The following biography
Dame Elizabeth Rosemond Taylor, DBE (born February
27, 1932) is an iconic two-time Academy Award-winning American actress. She was
long considered one of the most beautiful women in the world and, arguably, the
most beautiful actress of all time. Her trademark is her dazzling violet-blue
eyes framed by a double row of eyelashes. The American Film Institute named
Taylor among the Greatest Female Stars of All Time, ranking at No. 7.
Birth name: Elizabeth Rosemond Taylor
Date of birth: February 27, 1932
Birth location: Hampstead, London, England
Early life and career
She was born in Hampstead, London, the second child
of Francis Lenn Taylor (December 28, 1897 November 20, 1968) and Sara Viola
Warmbrodt (August 21, 1896 September 11, 1994), who were Americans residing in
England. Her older brother is Howard Taylor (born in 1929).
Though sometimes referred to as "Liz," she is not
fond of that name and prefers her given name to be pronounced Eee-lizabeth. Her
first names are in honor of her paternal grandmother, Elizabeth Taylor, who was
born Elizabeth Mary Rosemond. Taylor was born with U.S. nationality, which she
would relinquish after marrying Richard Burton, and take British nationality.
Both of her American parents were originally from
Arkansas City, Kansas. Her father was an art dealer and her mother a former
actress whose stage name was Sara Sothern. Sara retired from the stage when she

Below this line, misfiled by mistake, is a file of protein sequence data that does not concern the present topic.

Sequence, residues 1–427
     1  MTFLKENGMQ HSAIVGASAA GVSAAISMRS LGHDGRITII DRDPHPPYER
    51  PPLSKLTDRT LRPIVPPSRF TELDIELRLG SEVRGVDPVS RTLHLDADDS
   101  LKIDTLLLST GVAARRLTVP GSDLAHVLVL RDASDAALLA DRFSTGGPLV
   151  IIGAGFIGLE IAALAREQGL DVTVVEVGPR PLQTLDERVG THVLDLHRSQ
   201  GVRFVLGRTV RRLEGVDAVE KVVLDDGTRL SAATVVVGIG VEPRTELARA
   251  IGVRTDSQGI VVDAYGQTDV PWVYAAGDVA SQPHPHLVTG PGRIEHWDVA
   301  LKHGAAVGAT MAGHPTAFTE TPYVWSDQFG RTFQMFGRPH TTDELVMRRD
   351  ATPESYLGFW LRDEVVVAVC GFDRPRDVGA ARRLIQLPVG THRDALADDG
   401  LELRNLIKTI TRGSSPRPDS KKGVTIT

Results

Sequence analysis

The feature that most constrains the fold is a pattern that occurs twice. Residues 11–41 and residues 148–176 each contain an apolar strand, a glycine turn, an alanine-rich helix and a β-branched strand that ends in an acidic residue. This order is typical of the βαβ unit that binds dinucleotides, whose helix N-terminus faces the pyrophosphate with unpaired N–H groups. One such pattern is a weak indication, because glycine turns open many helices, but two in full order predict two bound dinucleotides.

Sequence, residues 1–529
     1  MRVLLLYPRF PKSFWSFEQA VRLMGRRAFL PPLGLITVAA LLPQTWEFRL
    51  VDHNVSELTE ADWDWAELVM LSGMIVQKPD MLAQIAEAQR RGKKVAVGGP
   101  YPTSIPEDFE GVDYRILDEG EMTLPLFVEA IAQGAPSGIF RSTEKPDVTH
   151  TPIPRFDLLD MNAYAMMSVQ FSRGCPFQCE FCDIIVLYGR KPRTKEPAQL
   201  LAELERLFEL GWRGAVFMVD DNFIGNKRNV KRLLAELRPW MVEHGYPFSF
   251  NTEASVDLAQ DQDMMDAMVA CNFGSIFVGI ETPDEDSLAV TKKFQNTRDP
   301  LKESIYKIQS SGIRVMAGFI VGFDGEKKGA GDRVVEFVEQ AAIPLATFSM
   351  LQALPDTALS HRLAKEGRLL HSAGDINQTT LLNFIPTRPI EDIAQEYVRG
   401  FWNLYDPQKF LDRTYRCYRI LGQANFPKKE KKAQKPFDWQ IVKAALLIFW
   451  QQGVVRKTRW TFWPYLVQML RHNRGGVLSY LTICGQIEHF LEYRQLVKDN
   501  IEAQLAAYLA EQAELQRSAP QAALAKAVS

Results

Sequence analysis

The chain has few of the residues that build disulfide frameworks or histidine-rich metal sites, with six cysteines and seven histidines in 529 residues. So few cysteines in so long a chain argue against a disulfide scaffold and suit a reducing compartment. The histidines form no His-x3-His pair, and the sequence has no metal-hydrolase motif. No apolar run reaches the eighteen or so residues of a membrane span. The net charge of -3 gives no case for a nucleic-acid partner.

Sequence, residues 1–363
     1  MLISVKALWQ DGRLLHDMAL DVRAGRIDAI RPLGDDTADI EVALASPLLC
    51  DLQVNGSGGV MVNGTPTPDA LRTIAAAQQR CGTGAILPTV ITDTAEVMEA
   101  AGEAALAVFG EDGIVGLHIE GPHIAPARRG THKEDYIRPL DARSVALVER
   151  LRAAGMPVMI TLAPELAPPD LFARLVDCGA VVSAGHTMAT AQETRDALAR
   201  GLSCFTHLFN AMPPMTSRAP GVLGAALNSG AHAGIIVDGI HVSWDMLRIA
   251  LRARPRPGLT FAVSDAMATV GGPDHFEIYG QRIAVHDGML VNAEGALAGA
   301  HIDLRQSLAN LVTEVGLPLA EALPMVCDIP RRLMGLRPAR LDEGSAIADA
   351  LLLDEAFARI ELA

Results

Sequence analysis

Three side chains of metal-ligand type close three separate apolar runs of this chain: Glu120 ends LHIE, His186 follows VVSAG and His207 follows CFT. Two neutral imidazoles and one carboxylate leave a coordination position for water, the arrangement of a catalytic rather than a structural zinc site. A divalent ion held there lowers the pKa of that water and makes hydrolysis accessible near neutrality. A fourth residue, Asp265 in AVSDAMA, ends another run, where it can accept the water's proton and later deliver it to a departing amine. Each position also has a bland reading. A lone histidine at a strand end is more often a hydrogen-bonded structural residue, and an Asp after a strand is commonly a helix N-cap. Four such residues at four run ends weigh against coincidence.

and Francis Taylor married in 1926 in New York.
At the age of 3, Elizabeth began taking ballet
lessons. After the UK entered World War II, her parents decided to return to the
United States to avoid hostilities. Her mother took the children first, while
her father remained in London to wrap up matters in the art business. They
settled in Los Angeles, California, where Sara's family, the Warmbrodts, were
Taylor appeared in her first motion picture at the
age of 9 for Universal. They let her contract drop, and she was signed with
Metro-Goldwyn-Mayer. Her first movie with that studio was Lassie Come Home
(1943), which drew favorable attention. After a couple more movies, the second
on loan-out to 20th Century Fox, she appeared in her first leading role and
achieved child star status playing Velvet Brown, a young girl who trains a horse
to win the Grand National in Clarence Brown's movie National Velvet (1944) with
Mickey Rooney. National Velvet was a big hit, grossing over $4,000,000 at the
box-office, and she was signed to a long-term contract.
She attended school on the Metro-Goldwyn-Mayer lot
and received a diploma from University High School in Los Angeles on January 26,
1950, the same year she was first married at age 18.
Mature career and marriages
Elizabeth Taylor won the Academy Award for Best
Actress in a Leading Role for her performances in BUtterfield 8 (1960), which
co-starred then husband Eddie Fisher, and again for Who's Afraid of Virginia